Six Mutations in the Glucokinase Gene Identified in MODY by Using a Nonradioactive Sensitive Screening Technique
- Jörg Hager,
- Hélène Blanché,
- Fang Sun,
- Nathalie Vionnet Martine Vaxillaire,
- Wolfgang Poller,
- Daniel Cohen,
- Paul Czernichow,
- Gilberto Velho,
- Jean-Jacques Robert,
- Nadine Cohen and
- Philippe Froguel
- Human Polymorphism Study Center (C.E.P.H.-Fondation Jean Dausset); INSERM U-30, Hüpital Necker-Enfants Malades Paris INSERM U-358, Hüpital Saint-Louis, Endocrinology, Department, Hopital Robert Debre Paris, France Department of Biochemistry and Pathobiochemistry, Medical University Clinic, University of Wiirzburg Germany
- Address correspondence and reprint requests to Dr. Philippe Froguel, Centre d'Etude du Polymorphisme Humain (CEPH), 27 rue Juliette Dodu, 75010 Paris, France.
We have reported that 56% of French families with maturity-onset diabetes of the young (MODY) carry a mutation in the glucokinase gene (GCK). Therefore, we have established a quick and sensitive nonradioactive technique (with the PhastSystemTM based on single-strand conformation polymorphism [SSCP] analysis) to routinely screen the 12 exons of GCK for mutations. We have studied GCK in 12 young hyperglycemic patients with a strong family history of type II diabetes. SSCP variants were observed in 6 of those 12 patients (50%), which cosegregated with diabetes in five families where DNA from additional members was available. Direct sequencing identified a 10-bp (base pair) deletion in exon 3; a 33-bp deletion at the exon 5/intron 5 junction, including the two consensus bases (GT) of the donor splice site; a nonsense mutation in exon 5 (Arg186 → Stop) in a Black-African family, which has been identified previously in a Caucasian family; and three missense mutations: Thr209 → Met209 in exon 6, Gly261 → Glu261 in exon 7, and Arg36 → Trp36 in exon 2. The missense mut ation in exon 2 was found only in the second and third generation of the tested family but not in the first. To our knowledge, this is the first time that a de novo mutation of GCK is reported within a family. All six families carrying a mutation in GCK were typical MODY and most of their affected members had a mild form of diabetes. This nonradioactive SSCP technique may be useful to routinely diagnose glucokinase deficiency, which is an important cause of hyperglycemia among young type II diabetic patients.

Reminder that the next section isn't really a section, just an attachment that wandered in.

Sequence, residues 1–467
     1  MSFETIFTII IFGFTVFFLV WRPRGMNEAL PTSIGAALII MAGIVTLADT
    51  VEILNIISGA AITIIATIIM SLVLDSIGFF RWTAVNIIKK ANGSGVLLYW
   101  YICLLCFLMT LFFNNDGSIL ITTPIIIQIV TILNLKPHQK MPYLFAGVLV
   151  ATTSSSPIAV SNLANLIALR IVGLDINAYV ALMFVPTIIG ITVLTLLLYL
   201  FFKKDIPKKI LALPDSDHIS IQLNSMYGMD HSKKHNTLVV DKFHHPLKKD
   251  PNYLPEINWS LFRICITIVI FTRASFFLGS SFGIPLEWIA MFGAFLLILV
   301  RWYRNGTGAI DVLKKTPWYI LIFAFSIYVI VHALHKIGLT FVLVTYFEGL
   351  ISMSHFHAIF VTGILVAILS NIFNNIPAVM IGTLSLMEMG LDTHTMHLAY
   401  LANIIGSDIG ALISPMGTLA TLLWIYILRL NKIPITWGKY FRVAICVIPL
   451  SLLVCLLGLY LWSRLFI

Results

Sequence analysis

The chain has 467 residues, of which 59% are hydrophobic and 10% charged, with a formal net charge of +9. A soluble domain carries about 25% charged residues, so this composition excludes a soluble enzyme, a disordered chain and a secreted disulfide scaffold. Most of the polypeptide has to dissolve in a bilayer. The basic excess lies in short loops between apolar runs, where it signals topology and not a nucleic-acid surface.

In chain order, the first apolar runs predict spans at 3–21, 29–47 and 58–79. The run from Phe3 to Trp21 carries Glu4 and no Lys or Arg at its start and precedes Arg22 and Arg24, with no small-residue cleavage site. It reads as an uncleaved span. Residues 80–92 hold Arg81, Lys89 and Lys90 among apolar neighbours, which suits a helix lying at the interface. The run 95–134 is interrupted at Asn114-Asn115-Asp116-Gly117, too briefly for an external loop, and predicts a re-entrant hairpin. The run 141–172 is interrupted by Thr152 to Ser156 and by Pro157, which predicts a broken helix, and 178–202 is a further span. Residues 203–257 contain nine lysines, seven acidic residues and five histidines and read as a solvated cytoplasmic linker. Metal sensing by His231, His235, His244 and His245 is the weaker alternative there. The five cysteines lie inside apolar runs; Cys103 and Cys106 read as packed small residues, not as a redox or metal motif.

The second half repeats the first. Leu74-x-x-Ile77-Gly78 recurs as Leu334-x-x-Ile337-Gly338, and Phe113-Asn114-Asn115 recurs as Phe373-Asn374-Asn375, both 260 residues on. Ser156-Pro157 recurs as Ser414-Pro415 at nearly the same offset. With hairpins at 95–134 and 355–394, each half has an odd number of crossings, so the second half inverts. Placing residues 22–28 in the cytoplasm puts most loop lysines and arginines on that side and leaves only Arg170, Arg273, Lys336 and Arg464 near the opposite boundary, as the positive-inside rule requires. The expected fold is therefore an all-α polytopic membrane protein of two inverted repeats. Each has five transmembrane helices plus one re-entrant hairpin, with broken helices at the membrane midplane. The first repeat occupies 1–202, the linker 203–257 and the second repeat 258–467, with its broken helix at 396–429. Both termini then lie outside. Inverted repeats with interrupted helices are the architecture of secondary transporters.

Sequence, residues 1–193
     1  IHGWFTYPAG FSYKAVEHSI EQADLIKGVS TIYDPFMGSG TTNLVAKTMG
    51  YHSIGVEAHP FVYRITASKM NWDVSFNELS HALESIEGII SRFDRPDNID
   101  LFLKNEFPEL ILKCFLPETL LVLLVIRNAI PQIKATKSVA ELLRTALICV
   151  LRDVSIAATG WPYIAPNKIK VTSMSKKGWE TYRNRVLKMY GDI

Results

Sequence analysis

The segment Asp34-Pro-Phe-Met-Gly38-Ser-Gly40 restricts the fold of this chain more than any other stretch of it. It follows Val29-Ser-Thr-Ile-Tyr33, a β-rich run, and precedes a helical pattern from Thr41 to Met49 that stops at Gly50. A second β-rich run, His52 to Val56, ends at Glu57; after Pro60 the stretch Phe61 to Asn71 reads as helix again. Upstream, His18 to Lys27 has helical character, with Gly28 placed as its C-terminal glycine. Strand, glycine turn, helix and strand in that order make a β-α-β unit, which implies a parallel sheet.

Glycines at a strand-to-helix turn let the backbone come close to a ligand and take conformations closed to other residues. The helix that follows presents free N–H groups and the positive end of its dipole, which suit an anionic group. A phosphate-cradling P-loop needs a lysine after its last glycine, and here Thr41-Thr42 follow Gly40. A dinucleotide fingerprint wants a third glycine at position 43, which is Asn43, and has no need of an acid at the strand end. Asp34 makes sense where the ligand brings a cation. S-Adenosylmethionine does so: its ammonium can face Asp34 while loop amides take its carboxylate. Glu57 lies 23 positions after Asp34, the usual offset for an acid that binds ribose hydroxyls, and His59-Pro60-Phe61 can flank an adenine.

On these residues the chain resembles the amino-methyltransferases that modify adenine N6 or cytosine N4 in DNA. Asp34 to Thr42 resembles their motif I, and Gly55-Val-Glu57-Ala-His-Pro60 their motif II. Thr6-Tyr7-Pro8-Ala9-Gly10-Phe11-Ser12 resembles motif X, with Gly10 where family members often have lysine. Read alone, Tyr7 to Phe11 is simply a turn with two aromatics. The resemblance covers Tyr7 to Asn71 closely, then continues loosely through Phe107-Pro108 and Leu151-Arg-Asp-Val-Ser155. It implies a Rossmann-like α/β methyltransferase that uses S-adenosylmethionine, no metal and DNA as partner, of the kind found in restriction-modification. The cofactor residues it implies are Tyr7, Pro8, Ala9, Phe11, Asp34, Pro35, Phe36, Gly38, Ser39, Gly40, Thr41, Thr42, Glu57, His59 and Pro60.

- Received October 11, 1993.
- Revision received January 13, 1994.
- Accepted January 13, 1994.
- Copyright © 1994 by the American Diabetes Association